Getting a clear, punchy mix is not just about processing and effects – it starts with setting the right levels at which you track and mix. Get tips on how to achieve proper gain staging – including how a good, simple VU meter can help you.
Are your mixes weak and lackluster? Wimpy and devoid of energy? Brittle and grainy, with an unpleasant trace of harshness around the edges?
No, this isn’t an advert for a multi-vitamin. What we’re talking about is the importance of gain staging – a basic yet crucial audio concept that can have tremendous impact on the quality of your recordings and mixes.
What is gain staging?
The answer lies in the name itself: It’s the process of setting the optimum level (i.e, the best possible “gain”) at every stage in the signal path.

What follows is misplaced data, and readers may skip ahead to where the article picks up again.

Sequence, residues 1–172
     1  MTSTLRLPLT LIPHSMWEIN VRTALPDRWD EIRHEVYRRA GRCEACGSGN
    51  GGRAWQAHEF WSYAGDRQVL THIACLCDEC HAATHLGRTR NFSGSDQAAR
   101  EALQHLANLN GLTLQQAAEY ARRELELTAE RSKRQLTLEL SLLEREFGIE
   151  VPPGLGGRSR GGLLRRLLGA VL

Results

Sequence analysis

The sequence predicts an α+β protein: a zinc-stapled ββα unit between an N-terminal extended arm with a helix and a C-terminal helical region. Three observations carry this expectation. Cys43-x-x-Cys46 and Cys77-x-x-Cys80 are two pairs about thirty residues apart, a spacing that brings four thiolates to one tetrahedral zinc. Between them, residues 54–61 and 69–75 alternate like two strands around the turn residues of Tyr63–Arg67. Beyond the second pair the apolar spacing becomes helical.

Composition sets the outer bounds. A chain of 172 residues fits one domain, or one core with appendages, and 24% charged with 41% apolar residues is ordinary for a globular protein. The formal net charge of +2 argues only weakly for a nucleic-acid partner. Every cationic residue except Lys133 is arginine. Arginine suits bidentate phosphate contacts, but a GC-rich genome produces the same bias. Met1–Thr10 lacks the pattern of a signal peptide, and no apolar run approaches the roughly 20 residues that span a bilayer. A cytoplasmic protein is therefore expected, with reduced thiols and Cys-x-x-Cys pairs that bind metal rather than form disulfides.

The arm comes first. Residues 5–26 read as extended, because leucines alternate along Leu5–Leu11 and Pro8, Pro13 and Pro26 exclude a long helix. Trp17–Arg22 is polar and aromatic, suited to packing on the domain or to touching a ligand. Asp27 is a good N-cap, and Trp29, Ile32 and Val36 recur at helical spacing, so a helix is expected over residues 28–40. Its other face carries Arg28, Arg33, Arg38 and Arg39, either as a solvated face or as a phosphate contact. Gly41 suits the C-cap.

Back in the olden days of analog, this involved tweaking voltages with faders or knobs. When you sent a signal into a track of a tape machine, for example, you’d use the channel and buss faders to record the level as hot as possible short of distortion – a necessity due to tape hiss. Similarly, if you sent a signal into a compressor, you’d adjust its input knob to accomplish just the right amount of squashing, and you’d also use the output (“makeup gain”) knob to compensate for any resultant loss in level.
In the digital world, of course, you don’t have to worry at all about tape hiss; in fact, there’s really no appreciable “noise floor” at all, especially if you’re working in 24-bit.